Edvard Munch Locations
Edvard Munch (pronounced , December 12, 1863 ?C January 23, 1944) was a Norwegian Symbolist painter, printmaker, and an important forerunner of expressionistic art. His best-known composition, The Scream is one of the pieces in a series titled The Frieze of Life, in which Munch explored the themes of life, love, fear, death, and melancholy.
Edvard Munch was born in a rustic farmhouse in the village of Adalsbruk in Loten, Norway to Christian Munch, the son of a prominent priest. Christian was a doctor and medical officer, who married Laura Cathrine Bjølstad, a woman half his age, in 1861. Edvard had an older sister, Johanne Sophie (born 1862), and three younger siblings: Peter Andreas (born 1865), Laura Cathrine (born 1867), and Inger Marie (born 1868). Both Sophie and Edvard appear to have gotten their art talent from their mother. Edvard Munch was related to painter Jacob Munch (1776?C1839) and historian Peter Andreas Munch (1810?C1863).
The family moved to Kristiania (now Oslo) in 1864 when Christian Munch was appointed medical officer at Akershus Fortress. Edvard??s mother died of tuberculosis in 1868, as did Munch's favorite sister Johanne Sophie in 1877. After their mother's death, the Munch siblings were raised by their father and by their aunt Karen. Often ill for much of the winters and kept out of school, Edvard would draw to keep himself occupied. He also received tutoring from his school mates and his aunt. Christian Munch also instructed his son in history and literature, and entertained the children with vivid ghost stories and tales of Edgar Allan Poe.
Christian??s positive behavior toward his children, however, was overshadowed by his morbid pietism. Munch wrote, ??My father was temperamentally nervous and obsessively religious??to the point of psychoneurosis. From him I inherited the seeds of madness. The angles of fear, sorrow, and death stood by my side since the day I was born.?? Christian reprimanded his children by telling them that their mother was looking down from heaven and grieving over their misbehavior. The oppressive religious milieu, plus Edvard??s poor health and the vivid ghost stories, helped inspire macabre visions and nightmares in Edvard, who felt death constantly advancing on him. One of Munch's younger sisters was diagnosed with mental illness at an early age. Of the five siblings only Andreas married, but he died a few months after the wedding. Munch would later write, "I inherited two of mankind's most frightful enemies??the heritage of consumption and insanity."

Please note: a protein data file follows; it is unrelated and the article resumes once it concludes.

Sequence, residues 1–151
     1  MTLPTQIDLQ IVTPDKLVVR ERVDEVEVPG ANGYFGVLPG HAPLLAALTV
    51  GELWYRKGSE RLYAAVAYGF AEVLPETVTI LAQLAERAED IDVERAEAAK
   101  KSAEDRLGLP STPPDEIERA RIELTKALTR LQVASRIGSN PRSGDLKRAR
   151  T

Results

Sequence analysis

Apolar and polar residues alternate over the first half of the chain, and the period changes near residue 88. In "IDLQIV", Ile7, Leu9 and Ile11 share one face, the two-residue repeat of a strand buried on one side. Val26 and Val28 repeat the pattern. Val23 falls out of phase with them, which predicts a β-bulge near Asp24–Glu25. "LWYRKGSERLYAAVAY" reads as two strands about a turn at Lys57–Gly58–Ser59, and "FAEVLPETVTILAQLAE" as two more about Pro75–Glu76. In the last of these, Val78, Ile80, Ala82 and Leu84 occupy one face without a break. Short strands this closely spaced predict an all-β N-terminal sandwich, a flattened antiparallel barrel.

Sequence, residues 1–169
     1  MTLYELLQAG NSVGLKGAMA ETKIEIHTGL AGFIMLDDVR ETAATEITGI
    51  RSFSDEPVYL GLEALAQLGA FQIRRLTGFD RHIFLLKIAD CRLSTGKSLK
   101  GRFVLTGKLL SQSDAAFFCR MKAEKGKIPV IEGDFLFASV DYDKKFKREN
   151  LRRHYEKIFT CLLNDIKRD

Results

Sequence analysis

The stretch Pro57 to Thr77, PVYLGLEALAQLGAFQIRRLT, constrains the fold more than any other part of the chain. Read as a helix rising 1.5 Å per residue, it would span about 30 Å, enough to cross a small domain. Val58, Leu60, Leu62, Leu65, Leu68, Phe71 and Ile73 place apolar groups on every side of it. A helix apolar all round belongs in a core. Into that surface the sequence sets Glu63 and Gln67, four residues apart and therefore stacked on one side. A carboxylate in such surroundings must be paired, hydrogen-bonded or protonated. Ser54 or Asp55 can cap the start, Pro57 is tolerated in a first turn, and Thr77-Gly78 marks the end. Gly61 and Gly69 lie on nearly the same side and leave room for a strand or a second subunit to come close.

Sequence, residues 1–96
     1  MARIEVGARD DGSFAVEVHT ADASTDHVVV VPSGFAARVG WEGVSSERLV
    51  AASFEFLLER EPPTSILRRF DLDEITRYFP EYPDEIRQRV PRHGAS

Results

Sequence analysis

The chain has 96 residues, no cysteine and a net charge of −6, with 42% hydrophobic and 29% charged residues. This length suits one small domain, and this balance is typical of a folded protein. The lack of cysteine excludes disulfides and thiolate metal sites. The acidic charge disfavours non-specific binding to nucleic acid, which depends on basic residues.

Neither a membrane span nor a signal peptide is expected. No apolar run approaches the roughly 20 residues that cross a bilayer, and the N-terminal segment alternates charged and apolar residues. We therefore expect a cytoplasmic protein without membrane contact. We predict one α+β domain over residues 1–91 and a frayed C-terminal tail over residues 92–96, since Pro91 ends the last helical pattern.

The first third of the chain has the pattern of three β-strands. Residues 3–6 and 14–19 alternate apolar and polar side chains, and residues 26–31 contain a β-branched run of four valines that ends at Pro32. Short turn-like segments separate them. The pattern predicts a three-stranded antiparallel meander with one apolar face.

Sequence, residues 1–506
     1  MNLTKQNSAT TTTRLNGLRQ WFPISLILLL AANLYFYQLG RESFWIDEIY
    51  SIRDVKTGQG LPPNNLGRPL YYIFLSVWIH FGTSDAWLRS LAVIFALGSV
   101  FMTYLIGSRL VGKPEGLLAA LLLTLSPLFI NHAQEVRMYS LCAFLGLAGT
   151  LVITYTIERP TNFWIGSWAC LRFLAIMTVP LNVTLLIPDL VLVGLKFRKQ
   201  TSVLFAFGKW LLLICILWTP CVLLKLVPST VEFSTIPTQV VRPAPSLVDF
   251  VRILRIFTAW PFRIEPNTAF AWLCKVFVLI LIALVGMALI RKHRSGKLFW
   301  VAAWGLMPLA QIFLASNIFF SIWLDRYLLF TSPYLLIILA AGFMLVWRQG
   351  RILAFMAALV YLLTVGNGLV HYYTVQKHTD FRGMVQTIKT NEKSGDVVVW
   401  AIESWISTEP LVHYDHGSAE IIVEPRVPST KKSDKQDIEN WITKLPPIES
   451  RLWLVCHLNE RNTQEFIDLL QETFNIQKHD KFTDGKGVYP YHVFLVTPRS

Christian Munch??s military pay was very low, and his attempts at developing a private side practice failed, keeping his family in perrenial poverty. They moved frequently from one sordid flat to another. Munch??s early drawings and watercolors depicted these interiors, and the individual objects such as medicine bottles and drawing implements, plus some landscapes. By his teens, art dominated Munch??s interests. At thirteen, Munch has his first exposure to other artists at the newly formed Art Association, were he admired the work of the Norwegian landscape school, and where he returned to copy the paintings, and soon he began to paint in oils. Related Paintings of Edvard Munch :. | mansken | Self Portrait in Hell | By night | Lady | Crying Girl |
Related Artists:Louise Rayner
Victorian Women Artists,English 1832 - 1924.